Five surprising health benefits of being overweight

Being fat is bad for you, while slimmer people are happier and healthier. Everyone knows that.

Just ask Jamie Oliver, who this week revealed that he’d shed two stone by cutting back on meat and consuming a “rainbow” of vegetables. He’s in better shape than any food-obsessed father-of-four has any right to be, and he can’t stop smiling.

On the flip side, there are currently more headlines about how the NHS is groaning under the weight of Britain’s obesity epidemic than most of us have had hot dinners.

And yet, every once in a while, along comes a snippet of research which proclaims that being bulky carries a hidden and entirely unexpected health boon.

Several studies of the recent past have suggested that adiposity is, if not the solution to some of our most damaging bodily disorders and conditions, certainly a surprising benefit. From arthritis to premature ejaculation, the asserted health boosts are numerous.

So stock up on the pork pies, loosen your gastric band and prepare yourself for the five most surprising health benefits of being overweight. Just remember to take them all with a pinch (or several tablespoons) of salt. Not to mention sugar, alcohol and hydrogenated fats.

1. Being overweight carries a reduced risk of rheumatoid arthritis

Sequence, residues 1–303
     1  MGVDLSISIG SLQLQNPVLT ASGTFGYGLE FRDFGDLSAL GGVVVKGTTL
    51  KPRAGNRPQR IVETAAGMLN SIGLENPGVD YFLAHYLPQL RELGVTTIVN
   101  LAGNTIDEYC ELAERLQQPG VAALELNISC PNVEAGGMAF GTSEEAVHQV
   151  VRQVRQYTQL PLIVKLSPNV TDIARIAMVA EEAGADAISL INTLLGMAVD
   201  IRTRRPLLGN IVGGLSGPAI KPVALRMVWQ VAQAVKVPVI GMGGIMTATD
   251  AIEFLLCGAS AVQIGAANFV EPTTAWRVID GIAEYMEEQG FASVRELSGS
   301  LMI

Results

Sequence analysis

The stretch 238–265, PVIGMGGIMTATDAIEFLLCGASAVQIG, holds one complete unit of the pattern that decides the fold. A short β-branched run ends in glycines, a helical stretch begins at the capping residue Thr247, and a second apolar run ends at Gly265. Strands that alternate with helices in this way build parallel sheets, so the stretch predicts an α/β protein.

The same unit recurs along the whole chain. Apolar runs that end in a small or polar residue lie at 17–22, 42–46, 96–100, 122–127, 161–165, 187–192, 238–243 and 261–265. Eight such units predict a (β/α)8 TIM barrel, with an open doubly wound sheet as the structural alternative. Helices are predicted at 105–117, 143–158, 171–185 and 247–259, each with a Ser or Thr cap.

Obesity can alleviate the symptoms of arthritis

Today heralds the news that the higher your Body Mass Index (BMI), the lower your chances of developing chronic arthritis. Curiously, the research – published in a journal named Rheumatology – identifies this particular perk of plumpness as being limited to the male of the species, condemning women to a life of both stiff joints and irredeemable podginess.

“To our knowledge, this is the first nested case-control study to investigate this issue in men,” said Carl Turesson, lead author of the study and professor of Medicine at Lund University in Sweden. The professor surveyed 383 patients, and found from the data gathered that overweight and obese men were up to 63 per cent less likely to develop the musculoskeletal disorder.

• Many British men don’t realise how fat they are

Turesson believes that excess visceral fat in the abdomen is what helps to combats the condition, and that despite the common belief that added bulk increases pressure on joints, added weight can actually help prevent arthritis. The study uncovered a connection between high BMI readings and an excess of specific hormones; where metabolic pathways related to the adipose tissue create a protective barrier against the onset of the condition.

So, if your knees and knuckles begin to develop pains, make sure you eat your dessert. For, if you want to take this study at face value; the answer to aches could be cakes.

2. Being overweight means you’re less likely to develop dementia

Overweight individuals are less likely to develop dementia

Before this year, being overweight was thought to increase your chances of developing dementia. However, the publication of a study in April turned this assumption on its head, instead proposing that second helpings actually defended against senility.

Published in The Lancet Diabetes & Endocrinology, the research was conducted on an unprecedented scale, and the scientists behind the study remain convinced of their results’ validity.